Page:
9. Cool slightly on a wire rack and serve warm.
  10. Repeat until all dough is cooked.

To store: Wrap extra bread tightly in saran wrap and place in the fridge.  Re-heat over med-low heat in a pan on both sides until warm.


Troubleshooting: This recipe really isn’t difficult but here are some tips I learned in the process.

  • Best if working with room temperature ingredients.
  • You can make the dough ahead of time, stopping after step 5 and tightly wrapping in saran.  Place in the fridge overnight and then follow instructions once ready to cook.
  • The amount of liquid/flour will slightly vary depending on the freshness of your flour and how finely it’s ground.  You may want to half the recipe for a trial batch to determine how much you’ll need.
  • If the mixture is not all coming together add 1/2 – 1 tablespoon milk at a time until it does.  You want a soft, pliable dough that is not crumbly or tacky.  If your flat bread breaks apart after cooking your dough was too dry.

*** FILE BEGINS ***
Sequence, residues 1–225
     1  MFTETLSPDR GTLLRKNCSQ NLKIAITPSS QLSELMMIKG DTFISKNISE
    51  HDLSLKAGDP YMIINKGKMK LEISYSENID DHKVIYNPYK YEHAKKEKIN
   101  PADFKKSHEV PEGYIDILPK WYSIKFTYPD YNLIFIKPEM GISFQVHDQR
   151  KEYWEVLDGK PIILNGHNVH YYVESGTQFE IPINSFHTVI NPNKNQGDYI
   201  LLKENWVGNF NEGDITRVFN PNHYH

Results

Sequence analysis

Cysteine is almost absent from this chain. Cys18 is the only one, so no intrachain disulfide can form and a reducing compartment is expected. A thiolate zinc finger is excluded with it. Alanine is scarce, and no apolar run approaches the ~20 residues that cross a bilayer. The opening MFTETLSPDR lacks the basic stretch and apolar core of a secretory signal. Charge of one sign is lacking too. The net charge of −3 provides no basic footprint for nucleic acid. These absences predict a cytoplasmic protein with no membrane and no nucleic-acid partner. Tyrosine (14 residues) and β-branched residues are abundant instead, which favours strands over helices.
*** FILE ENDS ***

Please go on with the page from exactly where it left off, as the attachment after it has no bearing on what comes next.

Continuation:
• If the mixture is too wet add 1 tablespoon at a time of oat flour until it comes together and isn’t fully sticking to the bowl.
  • Roll in whatever shape you prefer, making sure it’s smaller than the length of your pan.
  • You can grind oat flour in a blender, spice grinder, or magic bullet, until soft and flour-like.  Use oat groats, steel cut oats, or rolled oats.
  • You can grind buckwheat flour the same way from raw buckwheat groats [typically found in bulk bins or sometimes boxed in the GF aisle] which are a pale yellow-green color.  Not “kasha” or “toasted buckwheat.”
  • Do not sub white or brown rice flour for the sweet rice flour.  Check this link for more information.
  • It may be possible [have not tested this!] a gluten-free all-purpose flour mix would work in place of all 3 flours listed above.  The milk amount will likely vary.

quick gluten-free flat bread // edible perspective

Oh, and that burger I mentioned…it also goes great with flat bread.  You’ll be hearing more about it soon.